Not that getting food is any guarantee of gastric satisfaction. You see, we were recently served rice with baingan ka bharta. I eat both happily! But together? They are scientifically unmixable and especially with a fork which weighs two times the weight of the whole food tray! I did find 1/4th of a parantha tucked between two rice grains. It was a perfect triangle the length of my middle finger. It was cute. But it didn’t unfurl into a circle. Coffee was served alongside our dinner with a kaam khatam karo zeal and we were left with the supernatural task of mixing-mixing to eat our dinner before the coffee went cold. Or before the trays are collected and the lights turned off. Because they were!

You see, as soon as the last tray was picked, or maybe even before that, the plane went dark. Helped with using the toothpicks but still! Did I hear an air steward announce ‘Lights out! Off to bed!’ No no. It must be my memories of the nunnery interfering with my sense of reality. Anyhow, nearly all the reading lights came on immediately. People had things to do. Important things to read. Funny things to say. Fun holidays to plan. Strange dinner things to wipe off their mouths. In that silver haze what followed is sleep. It better follow, actually! To sleep is human but to snore in an AI flight is divine, because it’s that deep sleep only which can take you away from the goriest and grumpiest of …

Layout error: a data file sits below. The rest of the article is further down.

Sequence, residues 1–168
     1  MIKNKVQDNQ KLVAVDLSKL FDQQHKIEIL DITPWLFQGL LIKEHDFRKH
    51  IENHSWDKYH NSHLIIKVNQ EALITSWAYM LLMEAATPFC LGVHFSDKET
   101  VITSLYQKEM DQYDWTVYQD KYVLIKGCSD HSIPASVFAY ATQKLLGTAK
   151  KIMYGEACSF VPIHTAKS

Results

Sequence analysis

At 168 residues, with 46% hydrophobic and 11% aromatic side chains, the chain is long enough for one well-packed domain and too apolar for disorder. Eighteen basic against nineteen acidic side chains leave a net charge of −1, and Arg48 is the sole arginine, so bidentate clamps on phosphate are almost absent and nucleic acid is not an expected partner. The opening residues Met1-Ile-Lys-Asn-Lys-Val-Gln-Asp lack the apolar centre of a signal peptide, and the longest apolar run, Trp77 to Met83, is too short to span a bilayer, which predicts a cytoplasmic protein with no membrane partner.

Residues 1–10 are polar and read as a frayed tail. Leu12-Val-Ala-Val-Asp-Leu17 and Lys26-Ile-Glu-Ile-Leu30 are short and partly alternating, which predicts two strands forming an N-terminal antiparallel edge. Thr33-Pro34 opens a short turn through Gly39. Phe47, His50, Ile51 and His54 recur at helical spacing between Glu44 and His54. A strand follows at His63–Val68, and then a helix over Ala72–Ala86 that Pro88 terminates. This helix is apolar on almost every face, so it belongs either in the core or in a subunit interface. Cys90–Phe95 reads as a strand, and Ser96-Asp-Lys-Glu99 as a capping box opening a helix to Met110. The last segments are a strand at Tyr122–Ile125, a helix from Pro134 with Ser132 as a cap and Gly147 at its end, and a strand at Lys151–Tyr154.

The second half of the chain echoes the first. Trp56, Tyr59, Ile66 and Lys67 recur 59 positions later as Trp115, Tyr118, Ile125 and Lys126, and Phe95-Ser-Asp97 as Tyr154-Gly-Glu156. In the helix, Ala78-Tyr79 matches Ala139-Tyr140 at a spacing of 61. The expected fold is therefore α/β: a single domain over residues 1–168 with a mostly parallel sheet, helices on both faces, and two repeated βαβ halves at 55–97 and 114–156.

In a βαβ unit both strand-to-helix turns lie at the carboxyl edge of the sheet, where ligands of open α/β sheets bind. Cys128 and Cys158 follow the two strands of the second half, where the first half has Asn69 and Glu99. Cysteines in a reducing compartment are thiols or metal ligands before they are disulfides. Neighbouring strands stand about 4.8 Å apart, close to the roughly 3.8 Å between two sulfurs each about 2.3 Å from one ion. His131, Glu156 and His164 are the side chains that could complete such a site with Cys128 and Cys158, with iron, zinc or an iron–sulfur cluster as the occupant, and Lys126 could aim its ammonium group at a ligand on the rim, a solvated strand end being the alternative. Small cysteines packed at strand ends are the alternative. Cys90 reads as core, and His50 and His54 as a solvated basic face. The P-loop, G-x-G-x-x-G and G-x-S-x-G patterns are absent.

Anyway. Just like all nails scratching a wall must reach the floor some time and stop, so comes to an end your Air India flight. You land. Once before you heard the Captain’s voice asking the crew to just sit down now for takeoff. You again hear a thank you for being in air with Air India from the said Captain, who is impeccably dressed and bordering on handsome but who sounds exactly like a doctor’s handwriting.

The seat-belt sign is off and everyone is up as if they spotted an ATM machine with no queues. The plane is full of hustle and bustle and truant burps and sighs of relief. And amidst all the din and ado, there suddenly shines a ray of hope. Unexpectedly. You realize you hadn’t seen that shine for the longest time. 

The air hostess at the door has a big wide smile for you. A smile! And so do you! For her! 

I guess some goodbyes are sweeter than hellos. Especially when in the national carrier, the nation has finally reached where it wanted to go. Chalo. Kaam khatam hua. Asha kartey hain aap ek baar phir humein …  


Pic from Memegen